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Food Safety for People with Diabetes (PDF - 2.78MB)

A need-to-know guide for those who have been diagnosed with diabetes

U.S. Department of Agriculture
Food Safety and Inspection Service

U.S. Department of Health and Human Services
Food and Drug Administration

September 2006; Slightly revised September 2011

Food safety is important for everyone – but it’s especially important for you. That’s why the U.S. Department of Agriculture’s Food Safety and Inspection Service and the U.S. Department of Health and Human Services’ Food and Drug Administration have prepared this booklet.lady is Checking the right temperature for cooked food It is designed to provide practical guidance on how to reduce your risk of foodborne illness.An image of lady hand holding a knife to cut a row meet In addition to this guide, we encourage you to check with your physician or health care provider to indentify foods and other products that you should avoid.Checking cooked food temperature with food thermometer You have a special need for this important information . . . so read on!

Food Safety: It’s Especially Important for You

Major Pathogens That Cause Foodborne Illness

Eating at Home: Making Wise Food Choices

Common Foods: Select the Lower Risk Options

Taking Care: Handling and Preparing Food Safely

Cold Storage Chart

In the Know: Becoming a Better Shopper

Food Product Dating

Transporting Your Groceries

Being Smart When Eating Out

Tips for Transporting Food

Foodborne Illness: Know the Symptoms

Foodborne Illness Action Plan

For More Information on Food Safety

Additional Food Safety Resources

Foodborne Illness in the United States

When certain disease-causing bacteria, viruses or parasites contaminate food, they can cause foodborne illness. Another word for such a bacteria, virus, or parasite is “pathogen.” Foodborne illness, often called food poisoning, is an illness that comes from a food you eat.

  • The food supply in the United States is among the safest in the world – but it can still be a source of infection for all persons.
  • According to the Centers for Disease Control and Prevention, 48 million persons get sick, 128, 000 are hospitalized, and 3, 000 die from foodborne infection and illness in the United States each year. Many of these people are children, older adults, or have weakened immune systems and may not be able to fight infection normally.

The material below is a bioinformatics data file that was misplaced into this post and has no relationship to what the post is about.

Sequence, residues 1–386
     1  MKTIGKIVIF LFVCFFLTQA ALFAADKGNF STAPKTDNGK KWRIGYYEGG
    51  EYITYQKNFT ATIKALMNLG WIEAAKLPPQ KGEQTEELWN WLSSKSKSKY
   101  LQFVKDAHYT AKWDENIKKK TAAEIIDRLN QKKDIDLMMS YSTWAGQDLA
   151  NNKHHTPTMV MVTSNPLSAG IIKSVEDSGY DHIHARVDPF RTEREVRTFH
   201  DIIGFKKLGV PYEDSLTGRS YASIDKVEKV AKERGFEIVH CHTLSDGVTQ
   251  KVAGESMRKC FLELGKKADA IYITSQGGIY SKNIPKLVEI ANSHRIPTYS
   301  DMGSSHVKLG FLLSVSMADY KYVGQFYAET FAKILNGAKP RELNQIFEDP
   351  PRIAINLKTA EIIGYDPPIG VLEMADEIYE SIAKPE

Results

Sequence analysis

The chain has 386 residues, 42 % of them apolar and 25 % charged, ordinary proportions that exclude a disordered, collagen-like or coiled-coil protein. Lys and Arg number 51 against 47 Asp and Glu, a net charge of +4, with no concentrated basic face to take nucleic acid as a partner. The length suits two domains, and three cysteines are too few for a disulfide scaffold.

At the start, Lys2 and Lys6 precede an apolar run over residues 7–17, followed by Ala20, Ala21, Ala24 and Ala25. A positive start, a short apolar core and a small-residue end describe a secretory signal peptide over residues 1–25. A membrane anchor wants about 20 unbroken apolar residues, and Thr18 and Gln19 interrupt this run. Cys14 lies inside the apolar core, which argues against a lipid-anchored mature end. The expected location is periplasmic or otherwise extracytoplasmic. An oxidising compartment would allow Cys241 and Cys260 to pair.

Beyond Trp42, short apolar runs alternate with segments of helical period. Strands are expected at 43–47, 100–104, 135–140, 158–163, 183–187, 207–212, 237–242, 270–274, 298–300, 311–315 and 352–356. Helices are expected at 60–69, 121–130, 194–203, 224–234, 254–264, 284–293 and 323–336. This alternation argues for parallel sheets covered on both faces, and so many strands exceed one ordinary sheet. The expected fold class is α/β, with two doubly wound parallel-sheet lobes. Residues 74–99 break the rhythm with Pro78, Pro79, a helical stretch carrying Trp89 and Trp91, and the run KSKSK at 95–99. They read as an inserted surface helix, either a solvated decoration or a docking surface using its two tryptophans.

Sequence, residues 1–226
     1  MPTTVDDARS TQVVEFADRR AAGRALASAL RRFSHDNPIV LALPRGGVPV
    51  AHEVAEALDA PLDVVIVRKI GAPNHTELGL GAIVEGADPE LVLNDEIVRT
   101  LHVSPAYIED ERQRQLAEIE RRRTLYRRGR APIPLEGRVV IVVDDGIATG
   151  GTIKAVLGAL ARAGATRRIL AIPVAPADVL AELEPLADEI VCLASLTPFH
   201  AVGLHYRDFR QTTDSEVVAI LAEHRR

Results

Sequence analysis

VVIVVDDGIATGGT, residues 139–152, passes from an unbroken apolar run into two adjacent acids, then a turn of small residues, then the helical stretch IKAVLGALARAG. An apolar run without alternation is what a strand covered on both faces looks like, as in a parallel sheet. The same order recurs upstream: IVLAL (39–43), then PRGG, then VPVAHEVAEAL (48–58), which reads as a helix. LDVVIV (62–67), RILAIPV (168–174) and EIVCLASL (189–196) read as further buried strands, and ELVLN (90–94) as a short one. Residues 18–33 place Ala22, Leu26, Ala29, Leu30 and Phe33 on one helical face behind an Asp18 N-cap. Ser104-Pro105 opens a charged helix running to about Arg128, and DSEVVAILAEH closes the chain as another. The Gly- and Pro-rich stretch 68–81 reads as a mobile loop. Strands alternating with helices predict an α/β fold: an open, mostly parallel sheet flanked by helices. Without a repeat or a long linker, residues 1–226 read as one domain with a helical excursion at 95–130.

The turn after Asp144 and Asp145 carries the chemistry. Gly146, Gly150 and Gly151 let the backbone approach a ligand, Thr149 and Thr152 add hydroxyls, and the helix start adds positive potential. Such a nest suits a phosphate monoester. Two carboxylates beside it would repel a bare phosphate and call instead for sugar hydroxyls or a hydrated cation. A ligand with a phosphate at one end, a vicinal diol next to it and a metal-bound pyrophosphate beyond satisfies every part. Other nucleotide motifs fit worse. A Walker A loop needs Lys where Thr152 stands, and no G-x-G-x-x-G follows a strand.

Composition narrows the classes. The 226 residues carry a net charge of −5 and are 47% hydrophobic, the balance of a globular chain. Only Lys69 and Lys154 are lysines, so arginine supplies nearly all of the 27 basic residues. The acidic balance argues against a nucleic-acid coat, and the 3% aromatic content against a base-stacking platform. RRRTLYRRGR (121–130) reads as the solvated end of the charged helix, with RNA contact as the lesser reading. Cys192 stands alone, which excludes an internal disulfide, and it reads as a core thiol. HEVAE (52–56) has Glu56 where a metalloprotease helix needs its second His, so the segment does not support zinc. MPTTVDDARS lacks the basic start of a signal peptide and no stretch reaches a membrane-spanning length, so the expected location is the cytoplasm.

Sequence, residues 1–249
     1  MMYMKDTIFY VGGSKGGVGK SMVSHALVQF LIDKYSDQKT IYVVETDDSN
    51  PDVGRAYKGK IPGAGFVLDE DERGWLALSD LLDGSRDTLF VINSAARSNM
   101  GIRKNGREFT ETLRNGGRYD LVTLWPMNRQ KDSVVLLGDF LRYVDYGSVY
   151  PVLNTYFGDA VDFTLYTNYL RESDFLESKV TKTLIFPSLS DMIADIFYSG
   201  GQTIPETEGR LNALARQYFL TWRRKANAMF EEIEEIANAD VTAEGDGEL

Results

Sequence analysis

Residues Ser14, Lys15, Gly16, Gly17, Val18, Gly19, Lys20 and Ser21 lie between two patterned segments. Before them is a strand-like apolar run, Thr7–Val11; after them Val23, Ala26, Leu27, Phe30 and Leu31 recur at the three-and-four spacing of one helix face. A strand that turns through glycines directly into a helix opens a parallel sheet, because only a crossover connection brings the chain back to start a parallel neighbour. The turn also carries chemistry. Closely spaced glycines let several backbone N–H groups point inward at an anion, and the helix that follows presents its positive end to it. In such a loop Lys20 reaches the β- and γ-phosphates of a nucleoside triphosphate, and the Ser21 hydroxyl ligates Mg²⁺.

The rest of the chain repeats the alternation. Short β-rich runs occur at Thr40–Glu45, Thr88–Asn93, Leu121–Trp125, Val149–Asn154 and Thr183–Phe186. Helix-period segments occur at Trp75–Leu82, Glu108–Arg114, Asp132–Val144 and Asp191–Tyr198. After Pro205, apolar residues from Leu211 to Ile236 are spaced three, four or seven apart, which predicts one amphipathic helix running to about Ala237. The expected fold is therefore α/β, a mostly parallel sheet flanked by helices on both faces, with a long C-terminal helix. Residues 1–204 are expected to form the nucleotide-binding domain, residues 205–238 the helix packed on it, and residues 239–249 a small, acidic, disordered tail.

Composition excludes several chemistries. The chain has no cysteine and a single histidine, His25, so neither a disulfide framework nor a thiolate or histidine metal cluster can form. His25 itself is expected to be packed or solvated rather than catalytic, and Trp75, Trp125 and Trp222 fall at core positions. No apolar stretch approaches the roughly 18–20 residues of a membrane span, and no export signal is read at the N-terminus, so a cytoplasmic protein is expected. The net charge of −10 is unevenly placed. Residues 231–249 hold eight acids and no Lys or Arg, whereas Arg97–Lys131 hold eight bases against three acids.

• Since foodborne illness can be serious – or even fatal – it is important for you to know and practice safe food-handling behaviors to help reduce your risk of getting sick from contaminated food.

    Family An image of foods in the refrigerator Two ladies read food labels on the package An image of food product - sell by date, net pounds, bar code and total price of the product

    2003-12-12 17:24:27 by SkinnyFatso

    Many causes

    1. Poor eating habits.
    2. Being too broke too afford quality food, fill in with cheap junk.
    3. Addicted to sugar.
    4. Thyroid probs, diabetes, other health probs.
    5. Slower metabolism in some people.
    6. Other health probs reduce mobility, person gets fat.
    7. Not enough exercise.
    8. Lifestyle -- too much driving, no time to work out or cook decent food.
    9. Psych reasons like depression or avoiding sex.
    10. Genetics, some people put on weight easier and others can't gain weight unless they try hard.
    11. Eating fast food or in restaurants where portions are huge.

    Why you should eat fruit -- not drink it -- to lower diabetes risk  — Today.com
    Consuming whole fruits at least three times a week may lower your risk of developing type 2 diabetes, according to a new long-term study published Thursday in the British Medical Journal.

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